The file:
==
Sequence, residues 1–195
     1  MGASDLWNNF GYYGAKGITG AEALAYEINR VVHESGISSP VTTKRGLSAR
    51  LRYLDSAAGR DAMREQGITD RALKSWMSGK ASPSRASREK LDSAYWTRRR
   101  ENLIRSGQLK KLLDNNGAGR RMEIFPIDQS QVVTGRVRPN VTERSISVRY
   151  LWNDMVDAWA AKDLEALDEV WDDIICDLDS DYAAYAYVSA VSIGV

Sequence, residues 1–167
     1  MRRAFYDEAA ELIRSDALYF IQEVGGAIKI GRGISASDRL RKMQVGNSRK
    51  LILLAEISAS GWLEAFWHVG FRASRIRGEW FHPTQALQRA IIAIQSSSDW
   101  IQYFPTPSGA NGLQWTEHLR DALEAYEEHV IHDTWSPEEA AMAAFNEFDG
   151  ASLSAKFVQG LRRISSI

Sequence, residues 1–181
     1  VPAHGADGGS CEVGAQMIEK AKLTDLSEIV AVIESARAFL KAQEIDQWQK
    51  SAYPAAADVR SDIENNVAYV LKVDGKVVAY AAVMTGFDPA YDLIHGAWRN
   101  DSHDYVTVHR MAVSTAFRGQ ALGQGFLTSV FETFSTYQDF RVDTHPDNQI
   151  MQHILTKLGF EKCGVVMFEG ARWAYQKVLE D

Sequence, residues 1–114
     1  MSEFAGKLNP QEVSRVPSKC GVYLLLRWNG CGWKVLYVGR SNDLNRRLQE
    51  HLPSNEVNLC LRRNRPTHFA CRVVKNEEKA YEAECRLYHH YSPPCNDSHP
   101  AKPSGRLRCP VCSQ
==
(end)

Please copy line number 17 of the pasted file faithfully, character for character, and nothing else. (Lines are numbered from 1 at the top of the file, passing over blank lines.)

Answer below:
     1  MSEFAGKLNP QEVSRVPSKC GVYLLLRWNG CGWKVLYVGR SNDLNRRLQE